Summary “Clean Monday”

Summary “Clean Monday”

Bunin’s story “Clean Monday” was written in 1944 and entered the collection of the author devoted to the theme of love “Dark alleys”. The work belongs to the literary direction of neo-realism. The leading artistic method of the story is the antithesis – the author contrasts the images of the hero and heroine, life and spirituality, the city and the monastery, etc., bringing the reader to the central problem of the work – the problem of the Russian national character, revealed through the image of the main character.

Main characters

The hero-narrator is a young man in love who came from the Penza province. Was outwardly “indecently beautiful,” with a “southern”, lively, disposing character. From his person is

a narrative.

The heroine is the lover of the narrator, a girl with a bright appearance – a swarthy-amber face, black thick hair and black, like velvet charcoal, eyes. One takes an apartment in Moscow, at the end of the work goes to the monastery.


Every winter evening the narrator traveled “from the Red Gate to the Cathedral of Christ the Savior”, opposite of which lived his lover. Every day he drove her to restaurants, theaters, concerts. The narrator’s beloved studied at historical courses, although she rarely visited them. Her father is a widower, a man of “a noble merchant family, he lived alone in Tver”, and the girl herself rented a corner apartment on the fifth floor for the sake of a picturesque view of Moscow. There were two rooms in her apartment. In the first there was a Turkish sofa and an expensive piano, on which the heroine learned the beginning of the “Moonlight Sonata”.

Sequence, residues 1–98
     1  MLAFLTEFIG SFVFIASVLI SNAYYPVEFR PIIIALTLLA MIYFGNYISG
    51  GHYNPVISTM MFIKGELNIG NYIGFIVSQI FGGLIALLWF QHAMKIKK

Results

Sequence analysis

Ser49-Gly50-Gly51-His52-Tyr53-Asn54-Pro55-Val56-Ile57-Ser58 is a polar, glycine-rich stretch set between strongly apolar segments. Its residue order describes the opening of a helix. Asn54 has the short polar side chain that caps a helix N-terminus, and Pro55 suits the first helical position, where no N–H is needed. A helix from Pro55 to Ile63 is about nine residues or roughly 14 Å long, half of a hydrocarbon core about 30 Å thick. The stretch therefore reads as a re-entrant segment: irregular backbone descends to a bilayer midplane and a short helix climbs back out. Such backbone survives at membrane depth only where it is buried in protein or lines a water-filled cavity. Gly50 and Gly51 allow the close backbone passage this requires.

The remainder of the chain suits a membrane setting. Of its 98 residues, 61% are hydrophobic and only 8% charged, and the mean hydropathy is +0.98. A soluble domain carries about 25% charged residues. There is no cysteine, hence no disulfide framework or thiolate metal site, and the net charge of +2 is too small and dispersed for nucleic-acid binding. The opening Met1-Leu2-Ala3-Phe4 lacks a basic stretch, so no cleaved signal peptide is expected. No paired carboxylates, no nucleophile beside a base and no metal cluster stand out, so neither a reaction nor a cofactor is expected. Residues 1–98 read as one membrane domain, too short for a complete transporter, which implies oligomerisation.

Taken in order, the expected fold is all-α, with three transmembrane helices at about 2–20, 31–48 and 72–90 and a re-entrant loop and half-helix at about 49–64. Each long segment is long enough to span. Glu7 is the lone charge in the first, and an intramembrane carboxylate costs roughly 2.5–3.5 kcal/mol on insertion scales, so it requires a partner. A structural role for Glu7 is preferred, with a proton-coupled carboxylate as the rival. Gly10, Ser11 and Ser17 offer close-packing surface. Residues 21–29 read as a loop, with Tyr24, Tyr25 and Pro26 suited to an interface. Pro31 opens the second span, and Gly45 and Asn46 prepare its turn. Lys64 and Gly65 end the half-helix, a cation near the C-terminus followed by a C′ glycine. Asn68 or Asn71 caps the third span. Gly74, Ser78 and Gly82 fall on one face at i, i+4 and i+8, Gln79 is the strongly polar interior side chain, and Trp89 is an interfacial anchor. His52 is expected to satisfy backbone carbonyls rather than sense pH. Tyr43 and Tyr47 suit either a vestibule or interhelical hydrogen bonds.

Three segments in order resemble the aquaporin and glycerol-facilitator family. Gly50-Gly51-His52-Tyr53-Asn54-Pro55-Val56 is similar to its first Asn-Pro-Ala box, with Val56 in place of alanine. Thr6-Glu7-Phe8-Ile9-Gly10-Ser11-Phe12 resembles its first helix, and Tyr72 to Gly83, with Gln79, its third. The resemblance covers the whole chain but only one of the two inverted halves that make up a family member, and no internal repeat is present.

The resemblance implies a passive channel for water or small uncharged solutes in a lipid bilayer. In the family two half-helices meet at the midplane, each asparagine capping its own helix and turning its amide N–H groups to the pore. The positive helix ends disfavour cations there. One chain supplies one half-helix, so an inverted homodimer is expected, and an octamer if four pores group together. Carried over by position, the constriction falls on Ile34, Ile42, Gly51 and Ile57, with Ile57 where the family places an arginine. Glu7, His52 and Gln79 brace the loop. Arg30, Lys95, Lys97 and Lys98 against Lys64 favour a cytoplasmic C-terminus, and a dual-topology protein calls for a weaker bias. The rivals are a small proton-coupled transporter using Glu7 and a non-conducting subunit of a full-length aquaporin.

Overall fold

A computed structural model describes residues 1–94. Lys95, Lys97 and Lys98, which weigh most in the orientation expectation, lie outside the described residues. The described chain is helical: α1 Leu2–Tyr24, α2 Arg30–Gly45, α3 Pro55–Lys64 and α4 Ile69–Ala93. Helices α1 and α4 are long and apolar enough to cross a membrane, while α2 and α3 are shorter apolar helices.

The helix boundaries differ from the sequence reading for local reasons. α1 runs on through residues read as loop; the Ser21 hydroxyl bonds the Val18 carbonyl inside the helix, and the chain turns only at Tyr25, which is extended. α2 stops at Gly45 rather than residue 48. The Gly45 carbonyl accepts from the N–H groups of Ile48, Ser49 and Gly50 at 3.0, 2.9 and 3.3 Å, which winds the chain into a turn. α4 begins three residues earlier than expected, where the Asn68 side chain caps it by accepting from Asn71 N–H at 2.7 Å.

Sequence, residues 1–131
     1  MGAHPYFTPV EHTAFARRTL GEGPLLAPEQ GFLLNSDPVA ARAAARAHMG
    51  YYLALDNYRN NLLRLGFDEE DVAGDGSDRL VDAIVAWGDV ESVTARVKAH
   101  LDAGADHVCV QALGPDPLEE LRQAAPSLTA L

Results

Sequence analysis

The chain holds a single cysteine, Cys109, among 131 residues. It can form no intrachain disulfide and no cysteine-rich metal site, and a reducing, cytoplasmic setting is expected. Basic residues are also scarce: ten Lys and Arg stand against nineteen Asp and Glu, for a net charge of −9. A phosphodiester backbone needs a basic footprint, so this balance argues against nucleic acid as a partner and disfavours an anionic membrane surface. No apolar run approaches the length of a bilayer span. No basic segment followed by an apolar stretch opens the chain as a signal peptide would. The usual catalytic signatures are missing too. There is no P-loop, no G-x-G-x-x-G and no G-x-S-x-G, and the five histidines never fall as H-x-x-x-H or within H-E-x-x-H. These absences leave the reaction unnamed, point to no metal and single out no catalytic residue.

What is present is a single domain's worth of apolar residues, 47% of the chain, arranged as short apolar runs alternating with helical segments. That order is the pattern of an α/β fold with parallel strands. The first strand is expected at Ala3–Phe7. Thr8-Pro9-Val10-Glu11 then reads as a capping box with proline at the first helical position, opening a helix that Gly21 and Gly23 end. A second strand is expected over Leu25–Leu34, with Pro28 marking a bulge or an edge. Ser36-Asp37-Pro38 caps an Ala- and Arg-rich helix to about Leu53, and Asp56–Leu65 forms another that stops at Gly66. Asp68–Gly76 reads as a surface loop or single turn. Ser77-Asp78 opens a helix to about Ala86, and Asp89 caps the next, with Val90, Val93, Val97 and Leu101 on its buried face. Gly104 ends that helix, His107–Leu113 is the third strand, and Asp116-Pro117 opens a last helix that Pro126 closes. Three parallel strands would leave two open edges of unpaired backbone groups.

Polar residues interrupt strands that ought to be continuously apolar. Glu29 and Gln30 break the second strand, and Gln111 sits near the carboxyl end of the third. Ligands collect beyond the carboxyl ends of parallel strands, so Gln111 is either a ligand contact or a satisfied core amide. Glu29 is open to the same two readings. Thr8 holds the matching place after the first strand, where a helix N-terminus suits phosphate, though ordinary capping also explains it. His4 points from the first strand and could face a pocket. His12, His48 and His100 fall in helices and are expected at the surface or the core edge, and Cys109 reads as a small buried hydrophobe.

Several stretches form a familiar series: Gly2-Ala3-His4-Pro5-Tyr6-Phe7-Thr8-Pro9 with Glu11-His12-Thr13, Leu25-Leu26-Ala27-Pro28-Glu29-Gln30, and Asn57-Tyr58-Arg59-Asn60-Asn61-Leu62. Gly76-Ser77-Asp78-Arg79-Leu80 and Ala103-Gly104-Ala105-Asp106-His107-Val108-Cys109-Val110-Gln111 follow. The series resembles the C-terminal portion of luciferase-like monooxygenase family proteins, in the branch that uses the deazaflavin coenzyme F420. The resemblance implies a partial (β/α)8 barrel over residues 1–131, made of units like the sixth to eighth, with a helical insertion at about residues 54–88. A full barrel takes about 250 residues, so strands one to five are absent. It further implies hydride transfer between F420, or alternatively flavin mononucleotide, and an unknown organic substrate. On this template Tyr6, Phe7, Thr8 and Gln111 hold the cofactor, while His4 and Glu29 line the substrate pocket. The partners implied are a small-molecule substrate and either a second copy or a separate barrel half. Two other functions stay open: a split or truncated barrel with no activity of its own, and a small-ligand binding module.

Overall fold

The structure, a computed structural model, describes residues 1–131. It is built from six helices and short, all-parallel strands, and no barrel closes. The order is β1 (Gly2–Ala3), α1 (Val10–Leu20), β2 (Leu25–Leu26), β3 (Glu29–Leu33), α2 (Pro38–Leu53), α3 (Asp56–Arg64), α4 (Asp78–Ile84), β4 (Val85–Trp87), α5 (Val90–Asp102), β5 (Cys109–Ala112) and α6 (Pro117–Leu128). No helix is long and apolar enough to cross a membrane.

The hero constantly gave his beloved flowers, books, chocolate. The girl accepted them carelessly and absently, lying on the couch, but always thanked. “It seemed that she did not need anything: no flowers, no books, no dinners, no theaters, no suppers outside the city,” although she had her own opinion, she liked to eat deliciously. “Her apparent weakness

was only good clothes, velvet, silk, expensive fur…”.

They were a bright couple. The young man looked like an Italian, the girl had “some kind of Indian, Persian” beauty. As far as the hero was “inclined to talkativeness, to simplehearted gaiety,” so heroine is silent, she read a lot.